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Instructional Design – Nathália Santos

Instructional Design

As a student, I was provided with incredible opportunities and structure to build my own projects through the Digital Competencies Program. Today, as a young tech professional, I’m a passionate advocate for Digital Literacy and Digital Equity as a Human Right.

Working in Higher Ed, I help students articulate and develop their Digital Skills through workshops, in-class consulting, and one-on-one appointments. In addition to helping faculty and staff to blend technology into their teaching and research.

Below are some of my favorite projects, personal and professional, past and present!

Selected Projects


Working With Data Intensive

I co-designed and facilitated the first 2-week online non-credit Working with Data course for Bryn Mawr College students that lost summer internships during COVID-19.

Favorite Instructional Materials

Here are some of my favorite instructional materials I’ve created for faculty and students to help them navigate technology and become confident in their own skills

Paperless Notetaking

In 2020, I purged ALL old notes I had around the house (I could run a Staples from my apartment). Armed with an iPad mini, I leveled up my classes notetaking to bring some 🌺aesthetic🌸 into this pandemic

Praxis e-portfolio

Collaborating with Prof. Jim Martin, Faculty Advisor of the Promoting Change Thru Service Praxis Seminar and Kelly Strunk Praxis Assistant Director, we transformed the seminar’s Poster Session into a Portfolio website showcasing.

Projects List:

Working with Data Intensive

“Intensives” are typically 2-3 days of in-person workshops and alumni panels that run during academic breaks and introduce students to particular career paths and the skills and knowledge involved. With COVID-19, my team at Bryn Mawr College was tasked with transforming several of these intensives into a 2-week online non-credit course for undergraduates who had lost internship opportunities. I led the redesign of the Data Intensive, with which I had been intimately involved before. Working with my co-instructor, we defined the learning goals for the intensive, which were performing exploratory stats analysis into a chosen dataset.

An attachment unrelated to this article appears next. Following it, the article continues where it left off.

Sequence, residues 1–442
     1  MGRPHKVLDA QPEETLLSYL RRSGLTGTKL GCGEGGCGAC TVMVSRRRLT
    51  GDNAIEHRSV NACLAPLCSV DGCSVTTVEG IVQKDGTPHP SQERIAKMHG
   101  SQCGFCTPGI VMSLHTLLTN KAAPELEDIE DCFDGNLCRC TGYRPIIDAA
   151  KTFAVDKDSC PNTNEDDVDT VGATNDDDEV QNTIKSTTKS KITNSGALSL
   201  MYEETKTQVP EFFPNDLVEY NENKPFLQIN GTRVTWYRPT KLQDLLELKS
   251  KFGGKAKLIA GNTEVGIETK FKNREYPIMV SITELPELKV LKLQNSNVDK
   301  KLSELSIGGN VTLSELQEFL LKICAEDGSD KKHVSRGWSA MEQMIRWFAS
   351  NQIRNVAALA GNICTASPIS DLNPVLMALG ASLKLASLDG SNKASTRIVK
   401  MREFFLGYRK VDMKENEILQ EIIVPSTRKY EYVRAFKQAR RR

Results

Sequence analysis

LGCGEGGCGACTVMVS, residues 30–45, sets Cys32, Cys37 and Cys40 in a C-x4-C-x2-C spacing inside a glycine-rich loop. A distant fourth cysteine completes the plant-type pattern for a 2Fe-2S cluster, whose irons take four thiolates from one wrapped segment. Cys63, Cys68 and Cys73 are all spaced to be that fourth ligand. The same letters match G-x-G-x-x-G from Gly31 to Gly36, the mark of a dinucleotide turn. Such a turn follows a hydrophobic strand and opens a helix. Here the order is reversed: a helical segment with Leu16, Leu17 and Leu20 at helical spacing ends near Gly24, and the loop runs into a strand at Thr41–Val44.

Our first challenge was the time zone spread and inequality in Internet access among students, so we designed the course so that students could complete it asynchronously, but also had opportunities to meet synchronously with instructors and other students if desired. Since our students would come from entirely different backgrounds both in terms of majors and skill levels, we created a choose-your-own-adventure model in which students could complete the tasks in Excel, R, or Python. I also knew that students perform better when a big assignment is broken down into smaller ones, so we implemented challenges throughout the week that would build toward the overarching course learning goals of the course. They were challenging enough to encourage students to stretch, but not to overwhelm them. We relied heavily on forums for collaboration and recording tutorial videos of each challenge and each tool.

Unexpectedly, we had a record enrollment of 47 students with 28 completing all challenges, contrasting to the 10 out of 15  students who usually finish our in-person shorter intensive. After the intensive, we provided students with a survey so we could know what strategies work and which ones didn’t. The students enjoyed the flexibility provided by the asynchronous teaching, and choose-your-own-adventure design, which we will implement in other intensives. They were also candid about not feeling connected to each other in the forums – and that was on us for designing a class with 20 students in mind. Students would only post when they had questions about the challenge, but not answer each others’ post.

Students created very fun visualizations: from how are delivery services coping with COVID, to what lettering pen should I buy based on my collections? On top of a successful online cohort, in which 28 students performed exploratory data analysis in Excel, R, and Python (some for the first time), we also were able to test some of the teaching methodologies we recommend to faculty. We’ve incorporated that knowledge into teaching institutes and the design of other intensives and workshops.

Favorite Instructional Materials

Below are some of my favorite handouts, presentation snapshots and infoposts

Paperless Notetaking

Here are some of the most aesthetic notes I took. More to come in Social Networks and Machine Learning

Praxis Poster into e-Portfolio:

Collaborating with Prof. Jim Martin, Faculty Advisor of the Promoting Change Thru Service Praxis Seminar, and Kelly Strunk Praxis Assistant Director, we transformed the seminar’s Poster Session into a Portfolio website showcasing. That way we could introduce the Digital Competencies Framework to the student cohort, support them in developing the necessary Web Skills and have them create something that they could take with them to interviews and future application processes.

In this particular project, I introduced the DigiComp framework, helped scaffold the final assignment to fit the existing syllabus as well as helped with the full process of website creation and design. I’ve assisted both Prof. Martin and his students in the technical aspects of creating a website, in thinking critically about their privacy, and in designing their website and planning their content based on their target audience.

Here is a screenshot of the finalized website as of May 2019.

Visit: http://praxisjam.digital.brynmawr.edu